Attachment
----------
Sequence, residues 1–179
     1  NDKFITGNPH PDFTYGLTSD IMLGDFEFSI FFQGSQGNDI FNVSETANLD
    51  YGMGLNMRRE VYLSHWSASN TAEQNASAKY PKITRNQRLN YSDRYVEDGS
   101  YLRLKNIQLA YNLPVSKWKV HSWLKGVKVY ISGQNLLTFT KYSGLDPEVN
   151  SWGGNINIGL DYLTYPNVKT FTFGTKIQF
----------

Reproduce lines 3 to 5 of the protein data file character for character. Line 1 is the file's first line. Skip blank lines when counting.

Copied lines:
    51  YGMGLNMRRE VYLSHWSASN TAEQNASAKY PKITRNQRLN YSDRYVEDGS
   101  YLRLKNIQLA YNLPVSKWKV HSWLKGVKVY ISGQNLLTFT KYSGLDPEVN
   151  SWGGNINIGL DYLTYPNVKT FTFGTKIQF